The 4-path is reconstructed starting at (4/6,6), horizontal to (3/5,6), diagonal to (3,4), vertical | |

to (2/3,3), horizontal to (1/2,3), vertical to (0/2,2), and diagonal to (0,0). As expected, | |

there are 4 non-diagonal steps, and the diagonals form an LCS. | |

There is a symmetric backward algorithm, which gives (backwards labels are prefixed with a colon): | |

A:"aabbaa", B:"aacaba" | |

⊙ -------- ⊙ -------- ⊙ -------- ⊙ -------- ⊙ -------- ⊙ -------- ⊙ | |

a | ____/‾‾‾ | ____/‾‾‾ | | | ____/‾‾‾ | ____/‾‾‾ | | |

⊙ -------- ⊙ -------- ⊙ -------- ⊙ -------- ⊙ --------(:0/5,5)-------- ⊙ | |

b | | | ____/‾‾‾ | ____/‾‾‾ | | | | |

⊙ -------- ⊙ -------- ⊙ --------(:1/3,4)-------- ⊙ -------- ⊙ -------- ⊙ | |

a | ____/‾‾‾ | ____/‾‾‾ | | | ____/‾‾‾ | ____/‾‾‾ | | |

(:3/0,3)--------(:2/1,3)-------- ⊙ --------(:2/3,3)--------(:1/4,3)-------- ⊙ -------- ⊙ | |

c | | | | | | | | |

⊙ -------- ⊙ -------- ⊙ --------(:3/3,2)--------(:2/4,2)-------- ⊙ -------- ⊙ | |

a | ____/‾‾‾ | ____/‾‾‾ | | | ____/‾‾‾ | ____/‾‾‾ | | |

(:3/0,1)-------- ⊙ -------- ⊙ -------- ⊙ --------(:3/4,1)-------- ⊙ -------- ⊙ | |

a | ____/‾‾‾ | ____/‾‾‾ | | | ____/‾‾‾ | ____/‾‾‾ | | |

(:4/0,0)-------- ⊙ -------- ⊙ -------- ⊙ --------(:4/4,0)-------- ⊙ -------- ⊙ | |

a a b b a a | |

Neither of these is ideal for use in an editor, where it is undesirable to send very long diffs to the | |

front end. It's tricky to decide exactly what 'very long diffs' means, as "replace A by B" is very short. | |

We want to control how big D can be, by stopping when it gets too large. The forward algorithm then | |

privileges common prefixes, and the backward algorithm privileges common suffixes. Either is an undesirable | |

asymmetry. | |

Fortunately there is a two-sided algorithm, implied by results in Myers' paper. Here's what the labels in | |

the edit graph look like. | |

A:"aabbaa", B:"aacaba" | |

⊙ --------- ⊙ --------- ⊙ --------- ⊙ --------- ⊙ --------- ⊙ --------- ⊙ | |

a | ____/‾‾‾‾ | ____/‾‾‾‾ | | | ____/‾‾‾‾ | ____/‾‾‾‾ | | |

⊙ --------- ⊙ --------- ⊙ --------- (2/3,5) --------- ⊙ --------- (:0/5,5)--------- ⊙ | |

b | | | ____/‾‾‾‾ | ____/‾‾‾‾ | | | | |

⊙ --------- ⊙ --------- ⊙ --------- (:1/3,4)--------- ⊙ --------- ⊙ --------- ⊙ | |

a | ____/‾‾‾‾ | ____/‾‾‾‾ | | | ____/‾‾‾‾ | ____/‾‾‾‾ | | |

⊙ --------- (:2/1,3)--------- (1/2,3) ---------(2:2/3,3)--------- (:1/4,3)--------- ⊙ --------- ⊙ | |

c | | | | | | | | |

⊙ --------- ⊙ --------- (0/2,2) --------- (1/3,2) ---------(2:2/4,2)--------- ⊙ --------- ⊙ | |

a | ____/‾‾‾‾ | ____/‾‾‾‾ | | | ____/‾‾‾‾ | ____/‾‾‾‾ | | |

⊙ --------- ⊙ --------- ⊙ --------- ⊙ --------- ⊙ --------- ⊙ --------- ⊙ | |

a | ____/‾‾‾‾ | ____/‾‾‾‾ | | | ____/‾‾‾‾ | ____/‾‾‾‾ | | |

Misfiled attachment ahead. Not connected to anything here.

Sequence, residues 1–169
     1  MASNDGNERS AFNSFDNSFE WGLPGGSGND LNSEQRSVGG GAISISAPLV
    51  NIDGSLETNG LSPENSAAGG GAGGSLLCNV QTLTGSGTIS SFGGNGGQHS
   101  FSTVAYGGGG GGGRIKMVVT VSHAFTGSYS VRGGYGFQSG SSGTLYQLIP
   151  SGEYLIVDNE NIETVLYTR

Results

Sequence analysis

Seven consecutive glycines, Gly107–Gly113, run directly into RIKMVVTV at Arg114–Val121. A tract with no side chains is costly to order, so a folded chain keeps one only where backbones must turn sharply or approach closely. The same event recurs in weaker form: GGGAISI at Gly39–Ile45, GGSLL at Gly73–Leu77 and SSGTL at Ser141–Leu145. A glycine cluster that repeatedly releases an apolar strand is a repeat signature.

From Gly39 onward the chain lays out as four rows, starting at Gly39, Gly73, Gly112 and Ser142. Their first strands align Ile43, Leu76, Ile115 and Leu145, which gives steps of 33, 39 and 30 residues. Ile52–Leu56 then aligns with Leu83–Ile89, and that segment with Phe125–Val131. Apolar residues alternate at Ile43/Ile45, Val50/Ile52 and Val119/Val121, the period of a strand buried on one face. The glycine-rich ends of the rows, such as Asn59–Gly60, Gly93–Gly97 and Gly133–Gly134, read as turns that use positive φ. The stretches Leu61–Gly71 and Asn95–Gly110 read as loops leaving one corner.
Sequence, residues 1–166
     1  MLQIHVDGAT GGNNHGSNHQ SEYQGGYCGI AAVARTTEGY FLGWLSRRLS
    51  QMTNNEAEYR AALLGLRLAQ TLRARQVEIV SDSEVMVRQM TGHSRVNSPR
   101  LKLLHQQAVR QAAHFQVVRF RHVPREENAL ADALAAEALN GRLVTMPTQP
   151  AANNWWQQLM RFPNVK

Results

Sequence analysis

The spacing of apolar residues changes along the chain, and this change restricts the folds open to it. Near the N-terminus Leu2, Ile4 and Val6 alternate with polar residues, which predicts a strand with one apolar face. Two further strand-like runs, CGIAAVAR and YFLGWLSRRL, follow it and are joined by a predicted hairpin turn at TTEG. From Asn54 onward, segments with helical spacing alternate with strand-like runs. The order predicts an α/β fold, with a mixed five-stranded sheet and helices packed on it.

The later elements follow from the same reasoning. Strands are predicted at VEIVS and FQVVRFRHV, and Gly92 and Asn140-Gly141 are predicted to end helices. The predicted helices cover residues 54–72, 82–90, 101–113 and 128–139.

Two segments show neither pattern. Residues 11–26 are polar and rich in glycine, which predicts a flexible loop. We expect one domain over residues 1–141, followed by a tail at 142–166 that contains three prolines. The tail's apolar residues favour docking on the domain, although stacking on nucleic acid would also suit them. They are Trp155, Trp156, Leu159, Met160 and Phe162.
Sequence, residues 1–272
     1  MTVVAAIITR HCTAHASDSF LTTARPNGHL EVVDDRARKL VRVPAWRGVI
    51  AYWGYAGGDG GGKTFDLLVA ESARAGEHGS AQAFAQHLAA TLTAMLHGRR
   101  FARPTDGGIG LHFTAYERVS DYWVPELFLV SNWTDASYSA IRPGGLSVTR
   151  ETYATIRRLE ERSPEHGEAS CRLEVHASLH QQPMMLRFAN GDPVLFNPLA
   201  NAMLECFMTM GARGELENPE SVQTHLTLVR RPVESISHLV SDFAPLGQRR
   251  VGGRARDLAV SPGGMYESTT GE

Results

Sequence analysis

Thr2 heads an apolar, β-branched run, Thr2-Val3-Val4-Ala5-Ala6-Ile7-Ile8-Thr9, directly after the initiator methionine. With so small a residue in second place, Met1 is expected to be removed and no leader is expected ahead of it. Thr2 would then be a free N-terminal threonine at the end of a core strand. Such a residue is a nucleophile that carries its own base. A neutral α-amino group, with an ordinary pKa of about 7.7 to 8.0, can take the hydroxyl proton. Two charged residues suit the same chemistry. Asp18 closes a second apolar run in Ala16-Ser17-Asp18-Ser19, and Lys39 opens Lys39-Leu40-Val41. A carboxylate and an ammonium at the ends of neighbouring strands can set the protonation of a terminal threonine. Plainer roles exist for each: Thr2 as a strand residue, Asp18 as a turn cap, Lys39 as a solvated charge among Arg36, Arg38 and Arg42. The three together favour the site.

⊙ --------- ⊙ --------- ⊙ --------- ⊙ --------- ⊙ --------- ⊙ --------- ⊙ | |

a a b b a a | |

The algorithm stopped when it saw the backwards 2-path ending at (1,3) and the forwards 2-path ending at (3,5). The criterion | |

is a backwards path ending at (u,v) and a forward path ending at (x,y), where u <= x and the two points are on the same | |

diagonal. (Here the edgegraph has a diagonal, but the criterion is x-y=u-v.) Myers proves there is a forward | |

2-path from (0,0) to (1,3), and that together with the backwards 2-path ending at (1,3) gives the expected 4-path. | |

Unfortunately the forward path has to be constructed by another run of the forward algorithm; it can't be found from the | |

computed labels. That is the worst case. Had the code noticed (x,y)=(u,v)=(3,3) the whole path could be reconstructed | |

from the edgegraph. The implementation looks for a number of special cases to try to avoid computing an extra forward path. | |

If the two-sided algorithm has stop early (because D has become too large) it will have found a forward LCS and a | |

backwards LCS. Ideally these go with disjoint prefixes and suffixes of A and B, but disjointness may fail and the two | |

computed LCS may conflict. (An easy example is where A is a suffix of B, and shares a short prefix. The backwards LCS | |

is all of A, and the forward LCS is a prefix of A.) The algorithm combines the two | |

to form a best-effort LCS. In the worst case the forward partial LCS may have to | |

be recomputed. | |

*/ | |

/* Eugene Myers paper is titled | |

"An O(ND) Difference Algorithm and Its Variations" | |

and can be found at | |

http://www.xmailserver.org/diff2.pdf | |

(There is a generic implementation of the algorithm the the repository with git hash | |

b9ad7e4ade3a686d608e44475390ad428e60e7fc) | |

*/ |